Renowned artificial intelligence researcher Manuela Veloso tells class of doctoral graduates that their Northeastern education has prepared them to excel in life

Manuela Veloso, a computer scientist at Carnegie Mellon University and head of J.P. Morgan AI Research, praised the graduates for persevering through their long and challenging journeys to reach their academic goals. Photo by Adam Glanzman/Northeastern University

Northeastern students who received their doctoral degrees on Wednesday had to complete rigorous coursework, take qualifying exams, and conduct extensive research for their dissertations to reach the pinnacle of academic excellence. Now, they are prepared to tackle any challenges and uncertainty that they will face in their careers, says Manuela Veloso, a computer scientist at Carnegie Mellon University and head of J.P. Morgan AI Research.  

“Without a doubt this has been a fantastic preparation for life,” said Veloso, who delivered the graduation address at the Doctor of Philosophy Hooding and Graduation Ceremony, which was held at the university’s Cabot Center.

Veloso praised the 171 graduates for persevering through their long and challenging journeys to reach their academic goals and urged them to bask in their achievements.

“You are not going to have in life this feeling of accomplishment that often,” she said. “So I think you need to enjoy it. Take yourself out for dinner, by yourself. Enjoy the fact that you finished, that you know more than anyone on your specific discipline.”

Veloso’s research focuses on artificial intelligence, with a particular emphasis on machine learning and robotics. In 1997, she co-founded RoboCup, an international initiative launched with the formidable dream of fielding a team of autonomous robots capable of beating the human World Cup champions by 2050. The robot soccer teams designed by Veloso and her students have been RoboCup Small Size League world champions several times.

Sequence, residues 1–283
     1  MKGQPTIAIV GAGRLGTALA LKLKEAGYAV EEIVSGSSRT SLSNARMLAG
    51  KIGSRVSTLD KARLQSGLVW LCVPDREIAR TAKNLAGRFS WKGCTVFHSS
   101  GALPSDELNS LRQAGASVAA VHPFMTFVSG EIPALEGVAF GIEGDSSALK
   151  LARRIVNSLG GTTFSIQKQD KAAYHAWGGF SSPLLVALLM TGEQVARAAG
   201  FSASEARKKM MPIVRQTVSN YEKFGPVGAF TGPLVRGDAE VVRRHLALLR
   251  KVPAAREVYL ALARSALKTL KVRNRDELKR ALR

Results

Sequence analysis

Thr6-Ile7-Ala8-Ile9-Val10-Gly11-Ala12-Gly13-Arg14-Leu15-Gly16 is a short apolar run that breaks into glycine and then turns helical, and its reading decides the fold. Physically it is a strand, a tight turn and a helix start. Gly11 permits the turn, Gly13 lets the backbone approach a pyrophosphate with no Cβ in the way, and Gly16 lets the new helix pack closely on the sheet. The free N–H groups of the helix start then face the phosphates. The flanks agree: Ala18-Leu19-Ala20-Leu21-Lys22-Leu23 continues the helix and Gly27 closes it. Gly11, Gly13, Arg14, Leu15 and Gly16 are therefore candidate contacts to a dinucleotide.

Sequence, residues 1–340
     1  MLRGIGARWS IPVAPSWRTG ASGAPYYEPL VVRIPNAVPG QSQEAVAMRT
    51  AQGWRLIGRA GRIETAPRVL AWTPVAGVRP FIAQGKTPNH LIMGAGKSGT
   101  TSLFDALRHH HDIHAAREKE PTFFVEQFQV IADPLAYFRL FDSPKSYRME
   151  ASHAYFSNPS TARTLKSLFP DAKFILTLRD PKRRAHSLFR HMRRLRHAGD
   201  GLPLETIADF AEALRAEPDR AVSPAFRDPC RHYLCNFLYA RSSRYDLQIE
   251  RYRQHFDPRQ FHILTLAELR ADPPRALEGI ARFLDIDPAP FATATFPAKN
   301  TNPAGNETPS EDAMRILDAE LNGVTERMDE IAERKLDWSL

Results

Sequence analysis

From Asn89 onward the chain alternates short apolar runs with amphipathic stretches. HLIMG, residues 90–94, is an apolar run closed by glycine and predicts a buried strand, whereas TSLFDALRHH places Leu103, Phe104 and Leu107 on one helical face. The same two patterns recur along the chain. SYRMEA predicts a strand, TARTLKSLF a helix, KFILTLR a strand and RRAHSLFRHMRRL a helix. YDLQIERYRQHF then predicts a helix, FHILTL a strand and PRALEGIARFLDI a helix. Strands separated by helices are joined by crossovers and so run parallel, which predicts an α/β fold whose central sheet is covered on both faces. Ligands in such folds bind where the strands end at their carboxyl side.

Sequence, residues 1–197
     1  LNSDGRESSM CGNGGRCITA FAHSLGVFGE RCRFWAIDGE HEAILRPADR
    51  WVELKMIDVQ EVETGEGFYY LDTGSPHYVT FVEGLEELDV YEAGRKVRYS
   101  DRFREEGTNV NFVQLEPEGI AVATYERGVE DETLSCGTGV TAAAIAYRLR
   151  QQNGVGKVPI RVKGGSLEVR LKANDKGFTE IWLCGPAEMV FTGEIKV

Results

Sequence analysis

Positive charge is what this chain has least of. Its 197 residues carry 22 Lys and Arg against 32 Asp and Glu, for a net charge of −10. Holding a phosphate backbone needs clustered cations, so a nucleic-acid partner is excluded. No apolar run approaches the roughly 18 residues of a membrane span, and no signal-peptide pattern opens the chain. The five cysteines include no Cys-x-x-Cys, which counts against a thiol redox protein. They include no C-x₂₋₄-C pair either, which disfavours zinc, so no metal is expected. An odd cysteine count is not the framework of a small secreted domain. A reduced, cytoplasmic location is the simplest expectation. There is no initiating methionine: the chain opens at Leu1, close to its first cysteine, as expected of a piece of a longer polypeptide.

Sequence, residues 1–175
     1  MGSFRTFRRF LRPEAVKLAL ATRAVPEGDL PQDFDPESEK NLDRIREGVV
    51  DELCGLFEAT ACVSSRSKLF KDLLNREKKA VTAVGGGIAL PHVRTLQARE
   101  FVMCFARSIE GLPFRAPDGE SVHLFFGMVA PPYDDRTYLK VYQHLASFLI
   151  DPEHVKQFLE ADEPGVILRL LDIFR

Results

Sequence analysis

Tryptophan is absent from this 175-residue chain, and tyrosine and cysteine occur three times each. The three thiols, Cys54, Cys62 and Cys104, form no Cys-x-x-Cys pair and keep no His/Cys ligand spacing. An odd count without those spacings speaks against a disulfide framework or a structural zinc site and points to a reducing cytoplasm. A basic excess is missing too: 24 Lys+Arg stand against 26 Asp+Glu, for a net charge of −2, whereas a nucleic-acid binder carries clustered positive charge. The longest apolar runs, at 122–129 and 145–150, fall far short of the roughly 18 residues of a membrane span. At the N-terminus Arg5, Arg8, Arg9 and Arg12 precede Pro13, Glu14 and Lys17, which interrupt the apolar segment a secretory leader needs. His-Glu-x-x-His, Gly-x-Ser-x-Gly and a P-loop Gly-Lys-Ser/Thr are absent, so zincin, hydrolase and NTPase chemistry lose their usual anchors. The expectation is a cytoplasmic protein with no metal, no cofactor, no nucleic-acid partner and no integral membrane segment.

She has also developed CoBots, autonomous mobile service robots that are capable of performing tasks around the office. When the CoBots cannot complete a task, because, say, they don’t know where the coffee maker is or they don’t have arms to push the elevator buttons, they ask nearby humans for assistance.

Veloso is currently on leave from Carnegie Mellon, where she is the past head of the machine learning department, to work as the head of J.P. Morgan AI Research. In this role, she is pursuing fundamental research into how artificial intelligence can help the financial sector.

“For more than two decades, your achievements in artificial intelligence, machine learning, and robotics have illuminated the possibilities for humankind in the age of AI, firing imaginations the world over,” said James C. Bean, provost and senior vice president for academic affairs at Northeastern.

The Northeastern graduates, who were each presented with a doctoral hood by their faculty advisors, earned doctor of philosophy degrees across many disciplines, including computer science, bioengineering, pharmaceutical sciences, physics, political science, and criminology and justice policy. Bean said that this moment marks “the completion of a profound intellectual journey, one that advisors and graduates travel together.”

“This journey is transformative on both the student and the advisor,” Bean said, “and the bond created between them will last for their lifetimes.”

After the graduates received their hoods and diplomas, Bean closed the ceremony by congratulating the graduates for their academic achievements.

“Graduates, as you leave here today you will carry the Northeastern name,” he said. “It’s a name that will serve you well. We are very proud of your accomplishments. We are proud that you will be members of the Northeastern family throughout your continuing intellectual journey.”

Laura Castañón contributed to this report.

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